A team of academics from Queen Mary University of London have successfully secured funding for a major research project led by Professor Andrew Prendergast from Queen Mary’s Blizard Institute and Dr Bwakura-Dangarembizi from the University of Zimbabwe.
The project, Multimorbidity in Children with HIV and Severe Acute Malnutrition in Sub-Saharan Africa, is to be funded from a £4.9 million grant from the National Institute for Health Research (NIHR). The multi-institutional and multi-national research includes the Zvitambo Institute for Maternal and Child Health Research in Harare, the KEMRI Wellcome Trust Research Programme, which is a partnership between the Kenya Medical Research Institute and University of Oxford, as well as the University of Cambridge and London School of Hygiene and Tropical Medicine in the UK, University of Washington in the USA, and Wageningen University in the Netherlands.
Professor Kavita Datta and Dr Tim Brown, both from Queen Mary’s School of Geography will co-lead on the social science aspects of the project. The interdisciplinary research programme will be undertaken across three countries (Zimbabwe, Zambia and Kenya) and aims to promote survival, healthy growth, and development amongst children admitted to hospital with concurrent HIV and severe acute malnutrition (HIV-SAM).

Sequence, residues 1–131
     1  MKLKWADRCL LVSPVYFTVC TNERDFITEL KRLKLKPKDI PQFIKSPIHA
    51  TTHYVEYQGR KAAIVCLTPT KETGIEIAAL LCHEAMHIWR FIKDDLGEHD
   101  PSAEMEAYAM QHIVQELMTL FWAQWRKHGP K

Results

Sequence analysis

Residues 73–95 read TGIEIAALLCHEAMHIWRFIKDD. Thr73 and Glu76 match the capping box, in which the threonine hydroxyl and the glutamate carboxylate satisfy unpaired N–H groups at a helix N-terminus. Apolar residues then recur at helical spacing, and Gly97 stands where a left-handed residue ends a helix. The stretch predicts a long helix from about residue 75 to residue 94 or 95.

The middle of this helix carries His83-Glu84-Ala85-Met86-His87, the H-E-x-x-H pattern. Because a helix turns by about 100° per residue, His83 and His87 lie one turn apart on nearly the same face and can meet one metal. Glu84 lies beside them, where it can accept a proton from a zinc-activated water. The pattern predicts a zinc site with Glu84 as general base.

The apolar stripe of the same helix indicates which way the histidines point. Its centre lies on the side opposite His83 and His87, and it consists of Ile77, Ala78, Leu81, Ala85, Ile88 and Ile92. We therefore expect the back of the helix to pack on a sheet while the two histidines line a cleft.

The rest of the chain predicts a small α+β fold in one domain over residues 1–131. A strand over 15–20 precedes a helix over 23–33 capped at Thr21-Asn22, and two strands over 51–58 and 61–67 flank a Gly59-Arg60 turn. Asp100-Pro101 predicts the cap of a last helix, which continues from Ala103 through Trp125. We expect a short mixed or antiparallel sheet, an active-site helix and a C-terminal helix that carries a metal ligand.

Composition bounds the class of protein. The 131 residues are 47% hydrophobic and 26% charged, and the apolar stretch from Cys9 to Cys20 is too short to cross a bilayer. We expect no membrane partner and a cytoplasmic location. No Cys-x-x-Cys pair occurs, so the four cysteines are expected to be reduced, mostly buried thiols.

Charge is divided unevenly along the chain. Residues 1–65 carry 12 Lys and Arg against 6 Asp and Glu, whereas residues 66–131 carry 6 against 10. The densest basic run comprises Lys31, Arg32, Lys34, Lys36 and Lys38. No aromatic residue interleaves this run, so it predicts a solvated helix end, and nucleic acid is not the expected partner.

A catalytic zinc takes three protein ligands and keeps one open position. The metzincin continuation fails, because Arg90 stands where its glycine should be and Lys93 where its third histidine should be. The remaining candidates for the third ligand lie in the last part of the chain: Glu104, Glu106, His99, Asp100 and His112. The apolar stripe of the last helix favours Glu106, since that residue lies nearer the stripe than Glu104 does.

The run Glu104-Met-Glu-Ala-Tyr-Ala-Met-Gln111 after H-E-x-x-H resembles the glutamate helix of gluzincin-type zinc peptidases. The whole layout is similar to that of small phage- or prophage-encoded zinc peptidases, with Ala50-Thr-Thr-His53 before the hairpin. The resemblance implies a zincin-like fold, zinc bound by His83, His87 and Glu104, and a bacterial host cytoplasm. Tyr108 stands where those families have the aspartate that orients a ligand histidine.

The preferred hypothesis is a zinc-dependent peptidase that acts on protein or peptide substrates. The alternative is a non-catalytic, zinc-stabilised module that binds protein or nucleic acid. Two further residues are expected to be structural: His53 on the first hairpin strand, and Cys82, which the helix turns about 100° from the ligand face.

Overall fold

The application builds on previous work undertaken in partnership with Zimbabwe and Zambia, which highlights the importance of the caregiving environment and wider social context to children’s chances of survival and healthy growth post-discharge.
The project has been designed as a randomised controlled trial (RCT) intervention, which brings together clinicians, nutritionists and social scientists (including anthropologists, geographers, health economists and social psychiatrists) to explore the combinations of therapeutic interventions that produce the most effective outcomes for the children.
Professor Andrew Prendergast from the Faculty of Medicine and Dentistry said: “One in five children with HIV and severe malnutrition die in the year after discharge from hospital, despite receiving nutritional rehabilitation. We think that children with concurrent malnutrition and HIV need a more comprehensive package of care than they currently receive, to help promote convalescence during the vulnerable period after they leave hospital.”
Dr Tim Brown, Reader in Health Geography at Queen Mary said: “The award from the NIHR is an exciting opportunity for us to continue the interdisciplinary work we have been engaged in with Andrew and his team in Zimbabwe since 2017. Starting with a relatively modest pilot grant, Kavita and I have helped to establish social science research as an important building block for implementing and evaluating complex interventions targeted at improving the survival chances and healthy development of children living in rural and urban areas of Zimbabwe. This project will also extend the geographical scope of our research in southern Africa.”